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Publication #HS638

Parsley—Petroselinum crispum (Mill.) Nym.1

James M. Stephens2

Parsley, including both leaf and root type, is a member of the same family as celery: Umbelliferae. The plant is native to the same Mediterranean area as celery. The name petroselinum is derived from the Greek word petros which means "stone," referring to the plant's habit of growing in rocky places. Selinon was the Greek word for parsley in ancient history.

Figure 1. 

Italian parsley


James M. Stephens

[Click thumbnail to enlarge.]

Both the crowded, dense-leaved type and the broad open-growing type were described in the 4th century B.C. Parsley was introduced into England from Sardinia in 1548. European colonists brought parsley to the United States in the 17th century, and it continues to be a popular garden vegetable nationwide. It is grown throughout Florida, both as a commercial crop of minor importance in the vegetable producing areas of central and south Florida, and in gardens from Key West to Pensacola. Also, it is a popular container-grown plant for limited-space situations.


There are numerous cultivated varieties of parsley, including 'Curled Leaf,' a very finely divided leaf type; 'Italian' (or plain-leaf), a less decorative but flavorful parsley that most closely resembles the original noncurly plants of Europe; 'Hamburg,' whose white roots resemble young parsnips in appearance and use; 'Neapolitan' (or celery leaf), grown for its leaf stalks, which are eaten like celery; and 'Dwarf,' suitable both for ornamental and culinary purposes.


Parsley is a cool season biennial grown as an annual from September through May in Florida. It is propagated by planting seeds, which germinate better if soaked for 24 hours before planting. Seed should be sown very shallowly, about ¼-inch deep, and covered with a thin mulch layer until the seedlings appear. Seed germination may take from 7 to 12 days. Seedlings may be transplanted later.

Only a few plants will serve the needs of most families, and these may be grown in containers. Space plants 2 to 3 inches apart in rows spaced 1 foot apart in the garden. Keep the soil well watered, as parsley requires very moist soil. Careful weeding is necessary. A complete fertilizer at planting time followed by monthly feeding with a nitrogen fertilizer is best on most Florida soils.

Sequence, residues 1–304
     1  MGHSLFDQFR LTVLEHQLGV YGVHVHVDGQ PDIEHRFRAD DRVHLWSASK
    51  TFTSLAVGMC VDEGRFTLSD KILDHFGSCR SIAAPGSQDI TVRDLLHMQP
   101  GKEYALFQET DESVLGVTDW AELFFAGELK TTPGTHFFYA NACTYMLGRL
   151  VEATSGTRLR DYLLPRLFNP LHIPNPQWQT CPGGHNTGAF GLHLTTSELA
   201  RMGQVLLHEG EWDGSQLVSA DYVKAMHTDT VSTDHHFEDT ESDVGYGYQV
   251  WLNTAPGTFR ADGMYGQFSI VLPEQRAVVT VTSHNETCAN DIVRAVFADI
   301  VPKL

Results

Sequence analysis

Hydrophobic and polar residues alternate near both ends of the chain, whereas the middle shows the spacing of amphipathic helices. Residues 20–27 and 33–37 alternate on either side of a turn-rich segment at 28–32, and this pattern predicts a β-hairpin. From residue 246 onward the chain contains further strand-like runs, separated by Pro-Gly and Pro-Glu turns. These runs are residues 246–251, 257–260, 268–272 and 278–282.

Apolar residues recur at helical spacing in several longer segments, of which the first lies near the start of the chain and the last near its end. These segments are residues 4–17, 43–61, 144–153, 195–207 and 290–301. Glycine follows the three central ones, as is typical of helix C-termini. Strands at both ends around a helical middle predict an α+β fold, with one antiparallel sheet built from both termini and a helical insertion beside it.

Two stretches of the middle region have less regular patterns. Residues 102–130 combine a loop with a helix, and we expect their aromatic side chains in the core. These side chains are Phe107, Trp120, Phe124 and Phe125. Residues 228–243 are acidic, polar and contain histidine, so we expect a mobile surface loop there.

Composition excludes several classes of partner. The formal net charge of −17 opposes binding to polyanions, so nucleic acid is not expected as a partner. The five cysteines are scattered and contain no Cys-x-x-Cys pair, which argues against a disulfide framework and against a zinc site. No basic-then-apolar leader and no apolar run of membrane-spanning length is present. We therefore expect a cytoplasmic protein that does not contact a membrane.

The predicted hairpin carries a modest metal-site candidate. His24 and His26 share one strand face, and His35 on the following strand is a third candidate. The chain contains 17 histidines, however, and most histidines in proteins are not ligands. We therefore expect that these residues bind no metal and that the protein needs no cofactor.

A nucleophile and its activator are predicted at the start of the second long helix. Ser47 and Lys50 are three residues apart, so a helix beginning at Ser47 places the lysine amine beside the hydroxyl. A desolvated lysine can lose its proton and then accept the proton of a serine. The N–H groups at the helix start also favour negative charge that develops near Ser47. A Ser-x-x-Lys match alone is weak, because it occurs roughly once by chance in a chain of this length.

Parsley leaves are ready for use about 3 months after seeding. A few leaves at a time may be removed from each plant, or the entire bunch of leaves may be removed for use. Although parsley leaves are used most commonly in the fresh green condition as a garnish, their characteristic flavor and green color can be retained if the leaves are dried rapidly. Dehydrated parsley flakes are produced from parsley grown in commercial fields.

Green parsley leaves have a mild, agreeable flavor, and are an excellent source of vitamin C, iodine, iron, and other minerals. Quite often parsley is left on the plate to become the last bite, as it tends to sweeten the breath.



This document is HS638, one of a series of the Horticultural Sciences Department, UF/IFAS Extension. Original publication date May 1994. Revised September 2015. Visit the EDIS website at


James M. Stephens, professor emeritus, Horticultural Sciences Department, UF/IFAS Extension, Gainesville FL 32611.

The Institute of Food and Agricultural Sciences (IFAS) is an Equal Opportunity Institution authorized to provide research, educational information and other services only to individuals and institutions that function with non-discrimination with respect to race, creed, color, religion, age, disability, sex, sexual orientation, marital status, national origin, political opinions or affiliations. For more information on obtaining other UF/IFAS Extension publications, contact your county's UF/IFAS Extension office.

U.S. Department of Agriculture, UF/IFAS Extension Service, University of Florida, IFAS, Florida A & M University Cooperative Extension Program, and Boards of County Commissioners Cooperating. Nick T. Place, dean for UF/IFAS Extension.